The CRFI

Back in January of 2007, I breifly talked about the Canadian Runway Friction Index (CRFI). With the recent winter-like weather in Southern Ontario I figured this would be a good time to go into more detail.

Most progression in aviation safety is usually prompted by a previous accident or incident. The creation of the CRFI was no exception. A Fokker F-28 slid off the end of the runway at Dryden in March 1989, killing 24 of the 69 persons on board. Although the main cause of this accident was due to improper de-icing, the Dryden Commission (among other recommendations, including improving de-icing technologies) stressed the need to come up with a way to measure and apply corrective measures for differing runway surface conditions.

Transport Canada teamed up with NASA (along with French and Norwegian authorities) to come up with a way to measure runway conditions. The study was started in 1996 and it’s aim was the following:

  • to study methods of friction measurement and define an International Runway Friction Index (IRFI) for worldwide use;
  • to establish an international methodology whereby a common indication of runway conditions can be established worldwide; and
  • to study the operational performance of aircraft on contaminated surfaces and establish a relationship with the harmonized index (IRFI).

Tests were performed in North Bay, Ontario, Wallops Flight Facility in Virginia, Oslo Gardermoen Airport, Munich and at Erding Airbase. Tests were also conducted at Prague Airport in the Czech Republic and at the New Chitose Airport, hosted by the Japanese civil aviation authority.

A database was developed and made available that contains test data from over 38,500 runs with 44 devices of 14 different makes. Test surfaces include at least six different ice conditions, packed snow, loose snow from .25 mm to 100 mm, and over 30 wet and dry surfaces. Test temperatures range from -25°C to +10°C.

In the end, two standards were created.. The CRFI as well as an international version called IRFI.

A survey in 2001 was released to over 3,000 airline transport pilots requesting their input on how they use the CRFI. Here are some of the findings:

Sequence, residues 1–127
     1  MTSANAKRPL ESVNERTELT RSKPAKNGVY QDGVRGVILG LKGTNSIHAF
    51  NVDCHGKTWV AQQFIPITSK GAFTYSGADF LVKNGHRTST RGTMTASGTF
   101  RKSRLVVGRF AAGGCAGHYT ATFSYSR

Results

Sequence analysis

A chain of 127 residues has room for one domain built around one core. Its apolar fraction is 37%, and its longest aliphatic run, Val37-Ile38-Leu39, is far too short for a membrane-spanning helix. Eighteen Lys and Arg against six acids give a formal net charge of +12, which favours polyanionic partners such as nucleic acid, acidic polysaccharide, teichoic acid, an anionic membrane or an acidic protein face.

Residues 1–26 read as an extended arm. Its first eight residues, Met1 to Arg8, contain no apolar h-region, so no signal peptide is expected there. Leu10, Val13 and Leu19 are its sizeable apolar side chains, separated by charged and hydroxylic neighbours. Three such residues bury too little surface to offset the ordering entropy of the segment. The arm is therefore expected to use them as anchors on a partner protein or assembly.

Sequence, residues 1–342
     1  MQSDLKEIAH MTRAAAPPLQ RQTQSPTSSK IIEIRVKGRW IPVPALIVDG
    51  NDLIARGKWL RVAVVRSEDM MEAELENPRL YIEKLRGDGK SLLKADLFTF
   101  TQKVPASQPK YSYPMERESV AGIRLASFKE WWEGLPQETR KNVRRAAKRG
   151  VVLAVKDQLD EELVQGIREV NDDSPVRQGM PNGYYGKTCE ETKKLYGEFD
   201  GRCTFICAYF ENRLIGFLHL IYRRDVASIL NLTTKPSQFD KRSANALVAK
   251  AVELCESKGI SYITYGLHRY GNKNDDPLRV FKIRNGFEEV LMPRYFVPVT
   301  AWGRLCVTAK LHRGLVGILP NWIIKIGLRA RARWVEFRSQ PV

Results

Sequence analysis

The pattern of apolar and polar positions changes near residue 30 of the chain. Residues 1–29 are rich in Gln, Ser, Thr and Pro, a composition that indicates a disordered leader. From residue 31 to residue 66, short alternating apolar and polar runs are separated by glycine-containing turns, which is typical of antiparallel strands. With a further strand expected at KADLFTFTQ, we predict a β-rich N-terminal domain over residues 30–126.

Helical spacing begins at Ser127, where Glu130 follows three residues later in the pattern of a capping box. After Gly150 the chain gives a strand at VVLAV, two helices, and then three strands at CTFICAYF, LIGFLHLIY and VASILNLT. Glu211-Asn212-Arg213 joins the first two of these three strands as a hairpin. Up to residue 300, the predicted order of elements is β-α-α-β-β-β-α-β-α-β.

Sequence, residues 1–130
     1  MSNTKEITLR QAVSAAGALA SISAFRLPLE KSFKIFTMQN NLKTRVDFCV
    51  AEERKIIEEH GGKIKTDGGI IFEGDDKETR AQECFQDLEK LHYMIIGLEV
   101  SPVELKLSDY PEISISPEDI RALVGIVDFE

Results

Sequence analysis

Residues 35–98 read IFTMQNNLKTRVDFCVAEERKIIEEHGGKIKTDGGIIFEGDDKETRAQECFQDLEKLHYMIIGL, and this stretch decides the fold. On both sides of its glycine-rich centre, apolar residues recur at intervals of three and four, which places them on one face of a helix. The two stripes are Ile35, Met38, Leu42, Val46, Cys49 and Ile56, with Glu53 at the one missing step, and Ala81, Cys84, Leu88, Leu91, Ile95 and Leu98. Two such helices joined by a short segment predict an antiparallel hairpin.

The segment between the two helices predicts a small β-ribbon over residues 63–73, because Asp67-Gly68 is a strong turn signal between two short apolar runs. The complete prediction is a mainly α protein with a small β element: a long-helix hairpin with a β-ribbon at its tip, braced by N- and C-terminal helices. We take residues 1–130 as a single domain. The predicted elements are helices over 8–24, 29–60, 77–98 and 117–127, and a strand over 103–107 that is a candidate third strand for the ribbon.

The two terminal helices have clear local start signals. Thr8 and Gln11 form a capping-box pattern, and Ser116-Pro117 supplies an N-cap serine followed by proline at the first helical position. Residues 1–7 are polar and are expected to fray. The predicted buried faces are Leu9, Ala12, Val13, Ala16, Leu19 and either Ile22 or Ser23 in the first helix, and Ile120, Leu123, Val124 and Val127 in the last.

• In winter 2000-01 about half the pilots reported either remaining airborne until runway friction improved or diverting to another airport.
  • Reductions in weight prior to take-off or while en route were far less common.
  • Friction values need to be updated more frequently, particularly at small airports, and steps taken to ensure readings are current and have been updated when significant changes in conditions occur.
  • Over 20% of pilots of large jet aircraft had not received any formal training on the use of runway friction information, and only half had received training in the previous 12 months
  • For landings on runways that are icy or covered with compacted snow, most pilots apply a 15% increase in landing distances, which is a requirement for many aircraft on wet runways.

Even for light aircraft, the CRFI is still an important part of your flight planning. One thing I’ve noticed, especially at Buttonville, is the lack of updates to the reported CRFI. In my experience the CRFI has only been updated once, during the morning, and that’s it. I’m glad they do it anyways.

Tomorrow I will talk about how to apply the CRFI to your flight planning. How to use the available graphs as well as how to calculate any increase in take-off and landing distances. Stay Tuned.

References: http://www.tc.gc.ca/eng/innovation/tdc-publication-tp13361e-13361e-542.htm

[Update 2010/10/27: Updated reference link and made it more clear that the root cause of the Dryden accident was due to improper de-icing]

4 Responses

  1. Jonathan says:

    Blake,
    Are you going to this months seminar?
    Are the typically very full as to a point you need to go early?

  2. Blake says:

    I don’t plan on attending this months seminar.
    You dont need to get there early as there is plenty of seating.

  3. Mike Reid says:

    You may want to check your data. I do not think the Dryden Crash was a runway friction situation. The Dryden Crash was a wing De-iceing issue. There may have been other Commission Recomendations but the cause was failing to de-ice prior to take off. Or, taking off with known accumulations of ice on the flying surfaces.

  4. Blake says:

    Hi Mike,

    Thanks for the clarification. Most of this information was retreived from a Transport Canada document, now found here:

    http://www.tc.gc.ca/eng/innovation/tdc-publication-tp13361e-13361e-542.htm

    You’re right though, the main contributing factor to the cause was due to the lack of de-icing.

    I have updated my post.